2. The first thing that greets the customer is not a pre-recorded message, but an intelligent routing system, that asks the customer to state the nature of their problem. Speech recognition technology within the system picks out the words ‘website’, ‘self-service’, ‘not working’ and is able to identify that something isn’t quite right here.

  3. Based on this information, the system can route the customer to the best available outcome, whether that’s a human or a machine agent. Patronizing interaction avoided.

In this case, the self-service option was genuinely unavailable. It wasn’t the customer’s fault. But, though the customer is always right, they are not always infallible. Sometimes, your customers can’t figure out your customer self-service options, or they don’t want to, or they never found your self-service options in the first place. In these cases, you need a response that doesn’t sound like ‘go away’.

  1. Once your customer hits your routing systems, and states the nature of their problem, it’s time to try directing them to a self-service option. Getting this right takes tact.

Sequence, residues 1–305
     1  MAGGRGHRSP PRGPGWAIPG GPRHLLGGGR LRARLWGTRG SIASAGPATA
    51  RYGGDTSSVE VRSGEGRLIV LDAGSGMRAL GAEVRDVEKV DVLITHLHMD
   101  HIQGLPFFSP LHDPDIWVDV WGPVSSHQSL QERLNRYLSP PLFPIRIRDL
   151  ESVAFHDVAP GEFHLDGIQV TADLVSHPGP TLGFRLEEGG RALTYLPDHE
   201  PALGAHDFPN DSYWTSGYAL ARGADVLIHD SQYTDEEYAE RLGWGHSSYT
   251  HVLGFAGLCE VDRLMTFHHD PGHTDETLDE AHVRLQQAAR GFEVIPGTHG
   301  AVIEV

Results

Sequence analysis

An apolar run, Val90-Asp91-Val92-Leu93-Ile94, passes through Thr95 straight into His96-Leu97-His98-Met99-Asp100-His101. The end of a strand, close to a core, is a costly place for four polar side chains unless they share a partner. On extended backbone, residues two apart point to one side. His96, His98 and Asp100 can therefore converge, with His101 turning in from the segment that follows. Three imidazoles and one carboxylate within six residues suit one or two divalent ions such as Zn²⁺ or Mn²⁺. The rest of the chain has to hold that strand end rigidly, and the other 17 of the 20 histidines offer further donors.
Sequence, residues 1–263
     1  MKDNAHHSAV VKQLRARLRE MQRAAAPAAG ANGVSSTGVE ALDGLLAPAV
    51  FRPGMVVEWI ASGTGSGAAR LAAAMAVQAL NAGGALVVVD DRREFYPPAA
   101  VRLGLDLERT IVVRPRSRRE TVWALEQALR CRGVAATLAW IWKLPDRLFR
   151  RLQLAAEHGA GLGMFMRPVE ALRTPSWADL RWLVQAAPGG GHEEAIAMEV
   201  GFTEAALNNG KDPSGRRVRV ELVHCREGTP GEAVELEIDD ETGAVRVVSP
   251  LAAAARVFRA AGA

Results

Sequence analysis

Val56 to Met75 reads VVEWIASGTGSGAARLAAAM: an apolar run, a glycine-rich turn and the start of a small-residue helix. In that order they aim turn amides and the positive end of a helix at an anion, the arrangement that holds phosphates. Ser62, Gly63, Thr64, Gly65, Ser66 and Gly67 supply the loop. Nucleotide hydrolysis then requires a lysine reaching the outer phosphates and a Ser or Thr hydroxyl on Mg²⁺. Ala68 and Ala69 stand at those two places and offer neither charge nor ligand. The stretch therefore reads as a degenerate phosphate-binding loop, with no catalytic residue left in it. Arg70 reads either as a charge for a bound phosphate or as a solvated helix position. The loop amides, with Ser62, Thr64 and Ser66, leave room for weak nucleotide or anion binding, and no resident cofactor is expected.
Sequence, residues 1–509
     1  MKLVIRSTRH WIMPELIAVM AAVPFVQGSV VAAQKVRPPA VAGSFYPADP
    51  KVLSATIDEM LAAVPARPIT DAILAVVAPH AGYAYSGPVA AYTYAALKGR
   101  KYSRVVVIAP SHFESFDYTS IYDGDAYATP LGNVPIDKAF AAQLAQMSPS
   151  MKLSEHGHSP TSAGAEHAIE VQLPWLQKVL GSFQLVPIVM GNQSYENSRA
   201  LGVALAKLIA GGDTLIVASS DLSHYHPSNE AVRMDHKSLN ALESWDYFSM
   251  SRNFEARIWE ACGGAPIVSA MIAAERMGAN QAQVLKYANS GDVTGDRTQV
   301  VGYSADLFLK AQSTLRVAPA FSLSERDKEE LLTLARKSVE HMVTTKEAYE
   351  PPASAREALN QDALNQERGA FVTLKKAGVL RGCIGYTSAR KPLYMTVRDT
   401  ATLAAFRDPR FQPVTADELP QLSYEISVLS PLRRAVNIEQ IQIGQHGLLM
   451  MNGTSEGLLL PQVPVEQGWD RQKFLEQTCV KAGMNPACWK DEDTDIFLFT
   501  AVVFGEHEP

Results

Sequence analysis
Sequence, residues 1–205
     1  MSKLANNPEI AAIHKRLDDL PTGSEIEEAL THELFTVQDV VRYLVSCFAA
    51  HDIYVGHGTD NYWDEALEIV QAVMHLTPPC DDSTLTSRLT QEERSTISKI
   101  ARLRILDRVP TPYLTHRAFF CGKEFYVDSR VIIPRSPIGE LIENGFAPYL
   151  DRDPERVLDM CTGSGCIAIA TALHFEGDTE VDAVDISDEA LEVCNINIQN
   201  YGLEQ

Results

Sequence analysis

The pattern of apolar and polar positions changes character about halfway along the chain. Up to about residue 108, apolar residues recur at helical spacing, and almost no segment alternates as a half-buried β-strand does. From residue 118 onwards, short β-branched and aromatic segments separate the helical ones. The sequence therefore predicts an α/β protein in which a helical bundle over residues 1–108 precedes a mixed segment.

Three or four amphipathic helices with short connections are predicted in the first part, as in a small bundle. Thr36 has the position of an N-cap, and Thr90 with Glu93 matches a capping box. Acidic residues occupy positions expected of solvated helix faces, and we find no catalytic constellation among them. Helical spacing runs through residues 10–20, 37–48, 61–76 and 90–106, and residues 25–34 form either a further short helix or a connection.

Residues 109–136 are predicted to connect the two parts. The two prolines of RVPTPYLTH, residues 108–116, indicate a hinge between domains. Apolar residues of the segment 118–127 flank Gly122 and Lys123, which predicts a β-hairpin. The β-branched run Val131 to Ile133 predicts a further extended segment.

2. You need to shift the customer across channels; in essence, create a channel agnostic experience. Rather than queue the customer up for a human agent, the customer can be transferred to a conversational Machine Agent.

  3. This Machine Agent, communicating through text-to-speech, tells the customer that ‘they’re going to fix the problem together’. The customer is then sent a link, and following the link will take them to the overlooked self-service options. Without ending the interaction, the Machine Agent provides step-by-step instructions on how to use the self-service, using the customer’s responses as an indicator of their progress.

  4. If the customer states ‘I’ve already tried this’ or something similar, the Machine Agent can take appropriate action, routing them to a human agent. Similarly, if real-time sentiment tracking drops too far, a human can take the reins to bring the interaction back up to scratch.